he shows you this power. Translated into the image and language of
contemporary life, James Taylor makes the poetry of the psalms live
Taylor is a master at finding God in the stuff of ordinary life. He
teaches the way Jesus taught -- by telling stories about everyday
things: an old song remembered from years ago, an arthritic pet cat, a
lost contact lens. Along the way, he opens our eyes, ears, minds, and
hearts, to the discovery that God is not only present in religious
ceremonies, but in everything we do, whether we're studying the universe
or diapering a baby, taking out the garbage or playing touch football.
At any time, God may be telling us something new, or helping us to
understand something old. The first book in Taylor's "Everyday" series, An Everyday God remains a rewarding guide to spiritual growth.
—Bob McGannon, Director, Mindavation
"Finally, there is a book that describes the theoretical and practical applications of project schedule and cost planning and control covering the how and what it means for two difficult practical problems in all projects. This book explains, simply and practically, how to produce a schedule, create an estimate, and then execute the project. It is definitely an important resource for the new or experienced PM."
—Joe R. "Chip" Stilwell, Stilwell and Associates of the USA, Inc.
Schedule and cost control are the key elements of successful project management. Yet, over 80% of all projects start with underestimated schedules and costs and are doomed to exceed projections before they begin. This clear and concise book demonstrates how to establish realistic estimates for successful project completion. It illustrates how to control a project’s schedule and costs, but more importantly, it shows the reader how to develop the project’s plans and processes so that controlling the schedule and costs are achievable goals.
It is commonly believed that the computer-based systems most organizations rely on to support their businesses are not very smart. Many of the business decisions these companies make tend to be hidden in systems that make poor decisions, or don't make them at all. Further, most systems aren't configured to learn from the past and therefore struggle to keep up with the pace of change. While many organizations believe the answer is to implement newer, "intelligent" systems, the fact is that much of today's existing technology has the potential to be "smart enough" to make a big difference to an organization's business.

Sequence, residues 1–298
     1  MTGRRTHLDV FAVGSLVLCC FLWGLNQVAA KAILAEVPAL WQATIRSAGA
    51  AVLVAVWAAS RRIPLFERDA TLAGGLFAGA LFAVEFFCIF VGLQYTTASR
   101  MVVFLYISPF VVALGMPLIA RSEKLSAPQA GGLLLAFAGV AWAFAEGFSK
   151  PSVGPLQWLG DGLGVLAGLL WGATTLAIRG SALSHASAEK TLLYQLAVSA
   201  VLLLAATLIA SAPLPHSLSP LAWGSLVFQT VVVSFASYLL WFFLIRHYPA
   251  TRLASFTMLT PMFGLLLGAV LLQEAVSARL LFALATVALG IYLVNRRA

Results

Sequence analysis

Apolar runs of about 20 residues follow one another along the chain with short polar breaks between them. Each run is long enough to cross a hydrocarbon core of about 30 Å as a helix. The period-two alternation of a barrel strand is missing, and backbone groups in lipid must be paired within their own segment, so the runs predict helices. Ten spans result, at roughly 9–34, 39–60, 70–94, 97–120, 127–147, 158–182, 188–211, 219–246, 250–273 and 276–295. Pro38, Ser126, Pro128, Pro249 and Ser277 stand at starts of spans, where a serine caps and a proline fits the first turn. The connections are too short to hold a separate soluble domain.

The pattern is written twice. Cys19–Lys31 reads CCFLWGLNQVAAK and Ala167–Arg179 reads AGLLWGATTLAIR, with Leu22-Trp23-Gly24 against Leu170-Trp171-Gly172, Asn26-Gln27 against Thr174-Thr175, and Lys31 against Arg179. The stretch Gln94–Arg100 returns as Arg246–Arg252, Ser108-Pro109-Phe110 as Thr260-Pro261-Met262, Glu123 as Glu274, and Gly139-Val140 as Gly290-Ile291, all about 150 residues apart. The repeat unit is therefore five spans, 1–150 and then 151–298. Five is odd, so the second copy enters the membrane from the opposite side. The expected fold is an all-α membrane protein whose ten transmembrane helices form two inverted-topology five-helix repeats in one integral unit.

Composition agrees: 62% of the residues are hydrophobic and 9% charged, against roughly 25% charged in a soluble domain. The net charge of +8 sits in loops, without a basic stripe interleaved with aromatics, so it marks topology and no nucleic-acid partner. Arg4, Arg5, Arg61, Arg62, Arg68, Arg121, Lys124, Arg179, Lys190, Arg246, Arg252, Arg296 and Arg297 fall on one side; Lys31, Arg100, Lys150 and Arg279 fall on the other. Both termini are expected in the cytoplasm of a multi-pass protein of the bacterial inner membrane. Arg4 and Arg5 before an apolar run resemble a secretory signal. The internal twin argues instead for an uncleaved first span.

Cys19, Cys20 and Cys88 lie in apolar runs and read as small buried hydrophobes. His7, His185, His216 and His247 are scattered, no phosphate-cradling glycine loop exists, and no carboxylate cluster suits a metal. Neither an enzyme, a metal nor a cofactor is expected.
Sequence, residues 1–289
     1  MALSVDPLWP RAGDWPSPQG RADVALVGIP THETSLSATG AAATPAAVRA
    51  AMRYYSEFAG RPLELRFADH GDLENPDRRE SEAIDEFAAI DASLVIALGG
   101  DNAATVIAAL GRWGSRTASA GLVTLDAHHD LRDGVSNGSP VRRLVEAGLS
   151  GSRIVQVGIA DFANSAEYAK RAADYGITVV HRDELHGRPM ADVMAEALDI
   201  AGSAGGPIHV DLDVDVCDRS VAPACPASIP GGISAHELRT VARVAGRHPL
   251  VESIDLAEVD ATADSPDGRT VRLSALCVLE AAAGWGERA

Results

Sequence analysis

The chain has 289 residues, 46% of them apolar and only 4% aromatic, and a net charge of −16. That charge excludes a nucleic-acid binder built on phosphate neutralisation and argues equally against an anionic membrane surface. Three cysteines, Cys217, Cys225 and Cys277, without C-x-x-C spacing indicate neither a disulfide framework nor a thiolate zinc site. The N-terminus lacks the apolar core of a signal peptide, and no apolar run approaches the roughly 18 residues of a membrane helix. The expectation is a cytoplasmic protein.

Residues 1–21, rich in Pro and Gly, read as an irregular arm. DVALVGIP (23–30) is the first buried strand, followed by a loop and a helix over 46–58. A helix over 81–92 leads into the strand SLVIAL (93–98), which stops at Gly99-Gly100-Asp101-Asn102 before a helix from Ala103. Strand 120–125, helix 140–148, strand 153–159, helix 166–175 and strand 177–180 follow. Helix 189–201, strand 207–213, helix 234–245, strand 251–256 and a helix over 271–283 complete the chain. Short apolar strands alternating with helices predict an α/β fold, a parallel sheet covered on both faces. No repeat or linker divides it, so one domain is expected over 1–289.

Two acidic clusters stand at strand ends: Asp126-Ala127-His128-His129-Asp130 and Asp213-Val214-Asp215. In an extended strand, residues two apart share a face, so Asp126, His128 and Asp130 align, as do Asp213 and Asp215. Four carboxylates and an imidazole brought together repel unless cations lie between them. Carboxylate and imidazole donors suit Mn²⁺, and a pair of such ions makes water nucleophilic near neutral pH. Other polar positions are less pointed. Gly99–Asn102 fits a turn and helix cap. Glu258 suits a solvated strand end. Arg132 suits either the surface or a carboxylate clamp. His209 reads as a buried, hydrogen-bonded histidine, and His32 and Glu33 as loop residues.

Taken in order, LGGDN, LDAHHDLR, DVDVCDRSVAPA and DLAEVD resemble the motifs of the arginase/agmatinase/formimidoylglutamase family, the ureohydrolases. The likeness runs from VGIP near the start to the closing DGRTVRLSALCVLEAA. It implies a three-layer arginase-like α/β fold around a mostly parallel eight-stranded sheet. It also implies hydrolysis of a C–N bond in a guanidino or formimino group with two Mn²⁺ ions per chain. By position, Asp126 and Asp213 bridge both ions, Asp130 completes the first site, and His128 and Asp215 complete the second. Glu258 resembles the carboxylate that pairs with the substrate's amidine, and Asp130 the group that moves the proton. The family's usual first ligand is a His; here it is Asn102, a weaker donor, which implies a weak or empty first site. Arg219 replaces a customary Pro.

This digital Short Cut lays out a cry for systems that are smart enough to help companies survive and thrive in the world as it is today. Showing how the neglect of operational decisions prevents effective implementation of strategy and describing the characteristics of effective operational decision-making, the Short Cut establishes the role of operational decisions. The characteristics of the smart enough systems modern business needs are explained, and the absolute requirement for a new approach is outlined.
This Short Cut is a reproduction of the “Smart Enough Systems Manifesto” and “Why You Need Smart Enough Systems” chapters from the book.
This Short Cut should be of interest to software and business professionals. In particular, it will be of value to those managing information systems and application development projects in defining the goals they should have in building better systems, and to business owners who are frustrated by their current systems but cannot articulate how or why to change things.
The “Smart Enough Systems” Manifesto
Operational Decisions Are Important
Operational Decisions Can and Should Be Automated
Taking Control of Decisions is Increasingly a Source of Competitive Advantage
The Need for Smart Enough Systems
The Importance of Operational Decisions
Strategy Drives Decision-making
Strategy Is Not Static
Operational Decisions Matter
Operational Decisions Are Under Pressure
Operational Decision-Making as a Corporate Asset
Characteristics of Operational Decisions
Characteristics of Corporate Assets
Introducing Smart Enough Systems
Characteristics of Smart Enough Systems
Current Approaches Fail
Decision Management Is Required
Introducing Smart Enough Logistics